3. Transportation – my allotment is miles away, it takes 40 minutes by train and carrying stuff to and fro is an absolute nightmare. Next year I need to save up to get a car somehow.
  4. My own compost – I hadn’t anticipated a major lack of waste plant material on my allotment. For some reason I had hardly any waste plant material to put onto my waiting compost heaps. Not sure how I’ll improve on this next year but I will somehow! I need the compost.
  5. Asparagus – I’ve set side a large area to asparagus.  They’re growing well and this is their first year, so it’s expected they’ll look a little weedy as they establish. However, next year I need to concentrate on really boosting their growth and seriously keeping them weed free and giving them some support, ready for their first harvest in year three (2018).
  6. Grape vine – I missed the pruning window last year and didn’t water enough in summer, so I’ll correct both things next year.
  7. Beetroot and radishes – bit random but I don’t know why beetroot and radishes elude me no matter where I grow them! Raised bed in the community garden, in our garden, in the allotment. For beetroot the plant grows but the root doesn’t expand. For radishes they grow but are so slug eaten they’re inedible.
  8. Herbs – I’d like to grow many more down the allotment, especially perennials to keep the workload down.

’til next year folks!

I’d love any tips and advice from other gardeners if you have any, there’s always more to learn 🙂

 

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Jack Wallington

I'm an RHS qualified garden designer living in Clapham, London who loves growing plants and designing with them. Follow me on Twitter.

3 thoughts on “Allotment month 12: proof is in the potatoes”

  1. Sounds like you’ve had a great year Jack. I’m interested that you use organic slug pellets. Sometimes I think my allotment is more of a mollusc sanctuary than a growing area, but I refuse to use conventional slug pellets (never have used them), so this year I’ve been picking the blighters off by hand, losing some crops and swearing a lot. Did you find the pellets you used effective?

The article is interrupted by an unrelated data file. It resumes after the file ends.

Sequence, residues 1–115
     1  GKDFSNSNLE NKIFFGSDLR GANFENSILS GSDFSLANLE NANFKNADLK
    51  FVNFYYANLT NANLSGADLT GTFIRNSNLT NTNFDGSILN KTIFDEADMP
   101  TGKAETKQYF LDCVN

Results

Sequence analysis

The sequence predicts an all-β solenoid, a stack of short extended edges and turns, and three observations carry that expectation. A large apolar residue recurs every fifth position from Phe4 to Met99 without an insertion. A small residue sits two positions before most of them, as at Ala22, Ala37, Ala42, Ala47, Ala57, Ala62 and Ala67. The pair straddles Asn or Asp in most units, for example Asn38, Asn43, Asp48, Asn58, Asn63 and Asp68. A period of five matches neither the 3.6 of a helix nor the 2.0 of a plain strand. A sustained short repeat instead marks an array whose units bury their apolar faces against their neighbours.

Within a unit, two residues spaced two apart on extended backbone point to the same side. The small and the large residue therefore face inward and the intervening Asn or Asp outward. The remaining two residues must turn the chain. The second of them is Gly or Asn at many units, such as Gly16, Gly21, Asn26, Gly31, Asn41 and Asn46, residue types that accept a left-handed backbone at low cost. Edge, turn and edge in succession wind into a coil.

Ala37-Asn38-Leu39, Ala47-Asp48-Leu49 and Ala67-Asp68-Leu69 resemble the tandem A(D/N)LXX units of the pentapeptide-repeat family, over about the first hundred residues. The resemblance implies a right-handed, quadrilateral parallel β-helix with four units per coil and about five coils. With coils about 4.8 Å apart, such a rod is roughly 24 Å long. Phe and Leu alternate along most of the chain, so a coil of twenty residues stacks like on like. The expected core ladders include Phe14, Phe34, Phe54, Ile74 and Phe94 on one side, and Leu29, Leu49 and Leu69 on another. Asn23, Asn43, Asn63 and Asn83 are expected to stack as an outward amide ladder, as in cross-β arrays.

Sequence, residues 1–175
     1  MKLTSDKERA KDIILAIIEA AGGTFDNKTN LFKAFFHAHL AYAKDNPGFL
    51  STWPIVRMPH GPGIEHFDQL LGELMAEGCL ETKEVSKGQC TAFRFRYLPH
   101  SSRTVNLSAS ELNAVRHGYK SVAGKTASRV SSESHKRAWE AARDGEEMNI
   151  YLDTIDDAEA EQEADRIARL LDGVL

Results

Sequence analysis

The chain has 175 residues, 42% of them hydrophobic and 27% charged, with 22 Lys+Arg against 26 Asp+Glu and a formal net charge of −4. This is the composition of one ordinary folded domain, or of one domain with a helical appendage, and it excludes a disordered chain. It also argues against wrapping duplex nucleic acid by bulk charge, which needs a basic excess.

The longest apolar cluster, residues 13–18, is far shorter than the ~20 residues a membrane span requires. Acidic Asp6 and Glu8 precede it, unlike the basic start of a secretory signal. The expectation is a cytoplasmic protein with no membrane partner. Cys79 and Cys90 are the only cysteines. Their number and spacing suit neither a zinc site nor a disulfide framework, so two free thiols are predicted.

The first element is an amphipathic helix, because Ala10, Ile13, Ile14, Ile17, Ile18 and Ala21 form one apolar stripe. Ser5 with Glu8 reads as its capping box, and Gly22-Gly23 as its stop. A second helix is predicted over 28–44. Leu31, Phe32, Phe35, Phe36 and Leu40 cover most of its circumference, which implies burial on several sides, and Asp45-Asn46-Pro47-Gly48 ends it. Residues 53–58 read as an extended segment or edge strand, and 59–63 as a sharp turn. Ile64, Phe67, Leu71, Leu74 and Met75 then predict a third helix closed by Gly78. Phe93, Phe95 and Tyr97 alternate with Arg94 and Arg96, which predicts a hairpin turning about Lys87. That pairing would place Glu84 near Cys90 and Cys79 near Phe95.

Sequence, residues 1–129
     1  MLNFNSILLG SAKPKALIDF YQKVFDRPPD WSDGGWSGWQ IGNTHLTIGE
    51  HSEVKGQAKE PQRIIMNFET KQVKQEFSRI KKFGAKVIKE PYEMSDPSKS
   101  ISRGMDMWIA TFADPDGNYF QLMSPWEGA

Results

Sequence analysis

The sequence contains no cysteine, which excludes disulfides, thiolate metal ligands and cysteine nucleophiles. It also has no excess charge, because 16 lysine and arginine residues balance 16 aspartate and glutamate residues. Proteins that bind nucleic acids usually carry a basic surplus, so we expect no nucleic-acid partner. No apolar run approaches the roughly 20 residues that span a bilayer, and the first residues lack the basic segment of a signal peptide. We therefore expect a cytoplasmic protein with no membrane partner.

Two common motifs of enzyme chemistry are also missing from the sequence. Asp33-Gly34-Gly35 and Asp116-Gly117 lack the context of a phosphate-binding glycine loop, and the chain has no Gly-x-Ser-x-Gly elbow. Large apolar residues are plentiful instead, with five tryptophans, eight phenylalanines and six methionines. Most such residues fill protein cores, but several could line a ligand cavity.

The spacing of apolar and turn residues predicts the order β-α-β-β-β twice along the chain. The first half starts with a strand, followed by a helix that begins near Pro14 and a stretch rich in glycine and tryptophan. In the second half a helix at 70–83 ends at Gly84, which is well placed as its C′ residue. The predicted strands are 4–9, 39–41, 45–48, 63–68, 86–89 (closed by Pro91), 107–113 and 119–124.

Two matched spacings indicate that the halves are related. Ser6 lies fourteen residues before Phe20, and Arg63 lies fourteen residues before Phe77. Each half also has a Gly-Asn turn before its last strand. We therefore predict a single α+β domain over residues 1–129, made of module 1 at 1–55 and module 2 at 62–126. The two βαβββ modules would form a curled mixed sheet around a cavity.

1. Hi Nic, I do find the organic pellets effective but you do have to be vigilant at keep replenishing them, especially if it’s been raining. I’ve found also that a couple of doses of nematodes a year reduce the slug population enough. And finally, keeping the weeds down and spacing crops so there’s less sheltered walk/slime ways they can use to get to the crops.

      I never have a bite free plant though but I don’t mind that as long as they aren’t ravaged as you can just cut around.

      I’d be grateful for other tips though because like yours, my allotment is a mollusc sanctuary too, not helped by unkept surrounding plots.

      I find removing by hand can help but you’d be doing it forever as overnight they come back. Beer traps I’ve tried in our garden and they’re certainly effective but too small to actually work with the size of an allotment.

  2. Last time I tried beer traps (with gluten free beer as that’s the only kind in our house) I grew a lovely crop of orange fungi in my veggie patch!! ☺ I might try nematodes and organic pellets then. On my blog this weekend, I’m talking nematodes too – but this time for indoor sciarid fly…